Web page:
Gestational diabetes: cause, symptoms, treatment

1 in 50 women will develop gestational diabetes during pregnancy. It is more common in women over thirty years of age. If there is diabetes mellitus in the family, the risk of gestational diabetes increases. What are the symptoms of gestational diabetes, how is it treated and what is the prognosis? Does gestational diabetes always disappear immediately after birth?

Article content

  • Gestational diabetes
  • Causes of gestational diabetes
  • Symptoms of gestational diabetes
  • Diagnosis of gestational diabetes
  • Treatment of gestational diabetes
  • Gestational diabetes prognosis

Gestational diabetes

The hormone insulin, which is made by the pancreas, ensures that body cells can remove glucose from the blood. When a woman is pregnant, the placenta produces hormones that counteract the function of insulin. Excessive glucose levels can occur if the body does not produce enough insulin and this can lead to gestational diabetes.

Causes of gestational diabetes

  • See under the heading Gestational diabetes.
  • The risk of gestational diabetes increases with age.
  • Excessive body weight increases the risk of gestational diabetes, as does having a family member with diabetes mellitus.

Symptoms of gestational diabetes

Many women with gestational diabetes do not notice it. Gestational diabetes may be suspected if the baby is too large for its gestational age. A lot of amniotic fluid can also be a signal.

Diagnosis of gestational diabetes

The diagnosis is made on the demonstration of an increased level of sugar in the blood (fasting or after eating). Not every woman is screened. It seems sensible to investigate pregnant women who have a higher risk. So if there is diabetes in the family, too high body weight, a large child during a previous birth.

Treatment of gestational diabetes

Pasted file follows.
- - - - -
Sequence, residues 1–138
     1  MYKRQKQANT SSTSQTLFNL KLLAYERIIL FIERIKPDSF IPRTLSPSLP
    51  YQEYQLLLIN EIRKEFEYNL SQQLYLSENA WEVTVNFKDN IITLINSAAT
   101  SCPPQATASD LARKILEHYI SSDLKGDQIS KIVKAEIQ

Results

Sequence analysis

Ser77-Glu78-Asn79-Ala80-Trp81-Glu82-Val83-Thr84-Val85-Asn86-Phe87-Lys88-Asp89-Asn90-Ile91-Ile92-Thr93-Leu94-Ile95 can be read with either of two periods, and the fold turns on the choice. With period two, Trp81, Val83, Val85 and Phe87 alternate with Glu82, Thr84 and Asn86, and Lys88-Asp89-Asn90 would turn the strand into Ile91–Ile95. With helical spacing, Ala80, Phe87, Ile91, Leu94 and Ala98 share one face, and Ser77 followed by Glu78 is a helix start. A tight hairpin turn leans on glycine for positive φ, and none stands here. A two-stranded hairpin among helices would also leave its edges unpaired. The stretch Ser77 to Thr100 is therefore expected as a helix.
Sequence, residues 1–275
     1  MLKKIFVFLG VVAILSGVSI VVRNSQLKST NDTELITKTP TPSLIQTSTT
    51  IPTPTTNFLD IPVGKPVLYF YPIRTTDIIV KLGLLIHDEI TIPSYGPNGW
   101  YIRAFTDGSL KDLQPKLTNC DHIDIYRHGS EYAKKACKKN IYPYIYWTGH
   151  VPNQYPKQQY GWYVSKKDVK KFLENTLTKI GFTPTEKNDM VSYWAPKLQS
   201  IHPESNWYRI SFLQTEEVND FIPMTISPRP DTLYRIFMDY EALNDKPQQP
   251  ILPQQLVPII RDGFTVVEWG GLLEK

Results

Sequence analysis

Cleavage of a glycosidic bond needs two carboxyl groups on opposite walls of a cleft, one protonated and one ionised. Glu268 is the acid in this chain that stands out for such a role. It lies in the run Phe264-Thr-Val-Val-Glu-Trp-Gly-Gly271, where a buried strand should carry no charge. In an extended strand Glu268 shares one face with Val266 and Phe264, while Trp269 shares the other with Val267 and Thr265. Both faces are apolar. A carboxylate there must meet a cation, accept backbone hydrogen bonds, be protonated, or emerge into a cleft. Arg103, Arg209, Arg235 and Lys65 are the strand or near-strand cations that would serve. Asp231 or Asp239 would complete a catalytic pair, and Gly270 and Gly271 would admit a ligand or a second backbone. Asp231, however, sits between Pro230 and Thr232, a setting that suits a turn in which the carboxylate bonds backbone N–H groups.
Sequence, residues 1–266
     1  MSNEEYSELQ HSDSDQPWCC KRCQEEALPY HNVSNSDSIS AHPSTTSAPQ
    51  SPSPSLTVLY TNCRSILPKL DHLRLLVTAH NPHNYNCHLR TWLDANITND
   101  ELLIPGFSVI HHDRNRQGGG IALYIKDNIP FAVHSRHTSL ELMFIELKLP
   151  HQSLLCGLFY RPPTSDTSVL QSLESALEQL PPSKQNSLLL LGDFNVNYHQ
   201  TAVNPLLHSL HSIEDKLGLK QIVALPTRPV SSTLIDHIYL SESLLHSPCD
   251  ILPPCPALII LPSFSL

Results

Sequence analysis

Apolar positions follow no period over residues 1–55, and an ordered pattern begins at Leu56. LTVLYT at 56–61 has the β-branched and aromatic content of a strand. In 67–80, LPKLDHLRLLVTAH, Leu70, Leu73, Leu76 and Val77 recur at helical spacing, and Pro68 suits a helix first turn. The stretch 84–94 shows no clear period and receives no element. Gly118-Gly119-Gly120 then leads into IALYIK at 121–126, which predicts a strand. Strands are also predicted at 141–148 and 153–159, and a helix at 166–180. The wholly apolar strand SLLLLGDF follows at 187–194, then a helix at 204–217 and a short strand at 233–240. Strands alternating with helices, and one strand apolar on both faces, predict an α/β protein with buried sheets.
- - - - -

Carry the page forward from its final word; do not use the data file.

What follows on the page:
• If you have gestational diabetes, the gynecologist will refer you to the dietician. This will prescribe an adapted diet. If this diet does not help enough, the doctor may use insulin injections. Checks will have to be carried out, such as ultrasound examinations to see whether the baby is growing properly.
  • Women with gestational diabetes usually get through pregnancy without many problems and can give birth naturally. If necessary, the gynecologist can recommend inducing labor. During delivery, diabetes is controlled as best as possible (with short-acting insulin, often checking blood sugars) and the child is monitored using cardiotocography.
  • After delivery, the child’s blood sugars are checked. If the values are too low, the newborn is admitted to the neonatology department.

Gestational diabetes prognosis

  • If gestational diabetes is not recognized and therefore not treated, there is a chance that the child will become very large. This can cause difficulties during delivery. A child born to a mother with gestational diabetes is more likely to have low blood sugars. In principle, a woman with gestational diabetes no longer has a stillbirth.
  • The mother’s glucose level usually returns to normal after delivery. If you become pregnant again, there is a good chance that you will get gestational diabetes again. Women who have had gestational diabetes have a greater risk of developing type 2 diabetes mellitus later.